The key to cooking eggs with matzo is to not soak the matzo for too long — otherwise, it gets way too mushy. Add a medium-heavy hand with the salt [and] eat out of a bowl in big sloppy bites. I like Tabasco ... and ketchup! I also regularly eat matzo with PB and J, and matzo with mayonnaise and swiss cheese.

You're a hot dog lover. Is a hot dog a sandwich? State your case. And what's the number one mistake people are making when they cook hot dogs? In the cookbook, you put hot dogs on top of a salad, so what are other creative ways we can work with hot dogs in the kitchen?

It's totally a sandwich, just like a falafel in a pita is a sandwich. The best way to cook a hot dog is to get crispy edges. Split it in half, let it get some color — don't sleep on this. Other than hot dog salad, my other favorite hot dog things are pigs in blankets, pigs in blankets chopped on top of a salad, and salad on top of hot dogs in a tortilla or lefse.

In your cookbook, you admit to adding things like cake and cookies into your smoothies and say that a blueberry cake smoothie with "hidden kale" is your favorite. First of all, how did you come up with that recipe? Are there any other unusual ingredient combinations that you've found work in smoothies?

I discovered early in my smoothie journey that you can pile kale into a smoothie and not taste it, so on days when I feel like I need extra greens but don't feel like eating them, I treat myself like a toddler and sneak them into a smoothie that's sweetened with ... whatever baked good is lying around in my kitchen. I love adding halva to my smoothies, and I also love making an orange dreamsicle-type smoothie with oranges, carrots, pineapple, and orange blossom water.

As a believer in deep dish pizza, and someone who makes pizza for date night every Friday, can you talk more about the art of "matching ingredients to the heftiness of the dough"? What's your advice for ensuring that the deep dish pizza we're making at home doesn't come out soggy?

Baking in cast iron will help prevent that sogginess, and also, don't feel the need to overdo it with the sauce and cheese. Baking at the bottom of your oven will help the bottom get crisp. Also, top with things that can handle a lot of time in the oven while the crust crisps up.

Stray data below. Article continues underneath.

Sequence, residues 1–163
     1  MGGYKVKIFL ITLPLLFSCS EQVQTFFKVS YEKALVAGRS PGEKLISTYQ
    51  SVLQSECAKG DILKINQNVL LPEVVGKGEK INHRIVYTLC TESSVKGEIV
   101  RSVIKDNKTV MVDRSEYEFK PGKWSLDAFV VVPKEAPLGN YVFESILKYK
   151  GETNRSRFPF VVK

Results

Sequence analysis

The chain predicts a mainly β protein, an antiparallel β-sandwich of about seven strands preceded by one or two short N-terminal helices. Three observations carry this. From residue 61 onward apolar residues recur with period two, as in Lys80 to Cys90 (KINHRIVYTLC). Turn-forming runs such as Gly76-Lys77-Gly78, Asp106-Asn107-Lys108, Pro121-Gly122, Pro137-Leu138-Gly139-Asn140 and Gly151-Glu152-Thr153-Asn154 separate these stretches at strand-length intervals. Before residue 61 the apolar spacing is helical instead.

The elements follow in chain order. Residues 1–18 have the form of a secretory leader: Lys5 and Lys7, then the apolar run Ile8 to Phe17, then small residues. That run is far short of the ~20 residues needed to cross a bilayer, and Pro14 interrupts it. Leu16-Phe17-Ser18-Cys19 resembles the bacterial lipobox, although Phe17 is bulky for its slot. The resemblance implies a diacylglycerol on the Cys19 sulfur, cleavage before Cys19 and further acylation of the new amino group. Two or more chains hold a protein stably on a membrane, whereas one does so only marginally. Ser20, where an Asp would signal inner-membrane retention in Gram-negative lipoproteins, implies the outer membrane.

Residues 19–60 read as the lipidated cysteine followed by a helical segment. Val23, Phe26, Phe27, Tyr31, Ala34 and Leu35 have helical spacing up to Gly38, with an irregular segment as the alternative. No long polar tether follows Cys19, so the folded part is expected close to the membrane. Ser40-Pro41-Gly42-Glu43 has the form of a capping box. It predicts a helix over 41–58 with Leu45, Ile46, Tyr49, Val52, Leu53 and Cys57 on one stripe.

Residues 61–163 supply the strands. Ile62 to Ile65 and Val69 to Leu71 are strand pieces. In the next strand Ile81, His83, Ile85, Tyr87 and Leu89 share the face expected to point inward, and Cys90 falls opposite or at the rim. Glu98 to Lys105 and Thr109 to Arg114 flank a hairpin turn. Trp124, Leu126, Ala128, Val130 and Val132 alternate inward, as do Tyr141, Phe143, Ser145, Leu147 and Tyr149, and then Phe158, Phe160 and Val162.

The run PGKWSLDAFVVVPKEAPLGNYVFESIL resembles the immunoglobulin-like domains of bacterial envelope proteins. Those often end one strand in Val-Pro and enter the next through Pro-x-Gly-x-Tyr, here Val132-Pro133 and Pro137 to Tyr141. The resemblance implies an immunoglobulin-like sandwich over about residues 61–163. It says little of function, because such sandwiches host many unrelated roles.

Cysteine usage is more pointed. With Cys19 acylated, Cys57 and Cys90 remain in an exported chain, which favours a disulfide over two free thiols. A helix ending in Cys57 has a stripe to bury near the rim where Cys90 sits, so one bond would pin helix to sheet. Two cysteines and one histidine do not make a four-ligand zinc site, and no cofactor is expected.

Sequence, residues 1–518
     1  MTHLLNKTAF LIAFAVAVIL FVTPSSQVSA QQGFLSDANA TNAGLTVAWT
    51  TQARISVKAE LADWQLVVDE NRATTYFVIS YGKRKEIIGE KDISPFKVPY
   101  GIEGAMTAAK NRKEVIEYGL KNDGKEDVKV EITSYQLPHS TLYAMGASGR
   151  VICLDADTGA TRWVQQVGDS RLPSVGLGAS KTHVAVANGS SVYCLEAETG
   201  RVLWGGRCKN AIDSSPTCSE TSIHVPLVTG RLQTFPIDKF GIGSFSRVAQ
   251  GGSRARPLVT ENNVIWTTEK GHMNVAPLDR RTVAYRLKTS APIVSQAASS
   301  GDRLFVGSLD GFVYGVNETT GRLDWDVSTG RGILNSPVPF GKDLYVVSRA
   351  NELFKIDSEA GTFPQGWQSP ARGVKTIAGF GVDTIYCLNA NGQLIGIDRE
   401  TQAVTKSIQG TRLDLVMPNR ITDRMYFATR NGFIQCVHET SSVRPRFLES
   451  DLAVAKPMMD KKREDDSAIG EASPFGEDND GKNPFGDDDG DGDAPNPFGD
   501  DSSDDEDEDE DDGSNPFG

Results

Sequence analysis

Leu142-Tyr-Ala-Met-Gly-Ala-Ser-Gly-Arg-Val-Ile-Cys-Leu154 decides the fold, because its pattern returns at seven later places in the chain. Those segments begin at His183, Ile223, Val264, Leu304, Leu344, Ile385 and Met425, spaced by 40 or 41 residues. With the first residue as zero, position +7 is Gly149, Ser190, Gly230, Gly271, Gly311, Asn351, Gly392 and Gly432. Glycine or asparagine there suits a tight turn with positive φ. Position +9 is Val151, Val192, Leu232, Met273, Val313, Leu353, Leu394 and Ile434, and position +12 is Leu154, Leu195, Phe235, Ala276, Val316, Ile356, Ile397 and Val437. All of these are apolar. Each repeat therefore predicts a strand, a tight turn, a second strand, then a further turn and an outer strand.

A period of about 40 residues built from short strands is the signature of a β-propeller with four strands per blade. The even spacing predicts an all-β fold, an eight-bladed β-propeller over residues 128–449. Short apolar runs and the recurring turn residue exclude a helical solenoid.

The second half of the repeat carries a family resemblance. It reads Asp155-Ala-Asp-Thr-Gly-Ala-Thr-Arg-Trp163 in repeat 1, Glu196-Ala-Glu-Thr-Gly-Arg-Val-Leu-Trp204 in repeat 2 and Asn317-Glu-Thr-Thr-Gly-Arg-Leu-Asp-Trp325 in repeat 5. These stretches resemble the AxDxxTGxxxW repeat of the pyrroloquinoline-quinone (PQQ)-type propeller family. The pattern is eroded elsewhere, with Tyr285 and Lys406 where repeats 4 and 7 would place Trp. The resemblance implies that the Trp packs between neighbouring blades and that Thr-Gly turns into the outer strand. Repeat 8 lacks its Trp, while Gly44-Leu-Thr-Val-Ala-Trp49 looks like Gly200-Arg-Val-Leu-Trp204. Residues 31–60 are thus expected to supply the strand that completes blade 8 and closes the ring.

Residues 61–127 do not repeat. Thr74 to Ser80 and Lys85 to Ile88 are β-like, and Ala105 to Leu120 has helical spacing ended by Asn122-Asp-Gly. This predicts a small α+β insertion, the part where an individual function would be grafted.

You spend quite a bit of time talking about the art of salting a dish — and argue that you can never under-educate yourself re: the art of salting. Talk us through your salting journey. When did you learn to "salt every layer" of a dish instead of just at the beginning or the end? Also, how do you fix a dish if you've over-salted it?

My mom instilled that in me from a young age. I've always known the importance of salt, but getting to know my tastebuds and observing how they've changed is another element that impacts salting. I used to be a more-is-more person, but in recent years I've backed off, fine-tuned when I lean into the salt and when I don't want too much.

If you've over-salted a dish, there are a few different things you can do, depending on what it is. For soups, add chopped potato or dilute with unsalted stock or dairy. For other dishes, you can balance with more acid or sugar, or something creamy like yogurt.

What are your Rosh Hashanah meal traditions? Can you give our readers any tips for creative takes on traditional dishes? Also, you've mastered the art of making good challah. What's your advice for learning to work well with sticky dough?

We pick apples from our trees, play with challah dough, make a big pot of chicken noodle soup, and usually add matzo balls. Enjoy the natural beauty of the ingredients that this season is good at: apples, squash, dark greens. Dust challah dough with flour as needed!

You're opening a new restaurant in East Grand Forks that promises Scandinavian cuisine and local ingredients. Can you give us details as to menu items that customers can look forward to? Which local ingredients can we expect to see most in the restaurant's menu? Can you walk us through the restaurant's decor and explain the inspiration behind it?

Local ingredients we're using include wild rice, walleye, whitefish, beans, eggs, chicken, beef, wheat, sugar, cheese ... There are so many amazing ingredients in this region. Some of my favorite menu items include the wild rice burger, lefse dogs, cardamom rolls, and an array of thick, crusty toast with delicious toppings — no avocado toast since it's not local, but we do have an excellent bean toast. The decor is simple, warm, farmhouse-inspired, and welcoming. We wanted to maintain the specialness of the space from when it was Whitey's and give it a fresh coat of paint.

Check out Molly Yeh's new cookbook here. Be sure to follow Yeh on Instagram for recipe inspiration and life updates, or catch up with her family on Food Network's "Girl Meets Farm."

This interview was edited for clarity.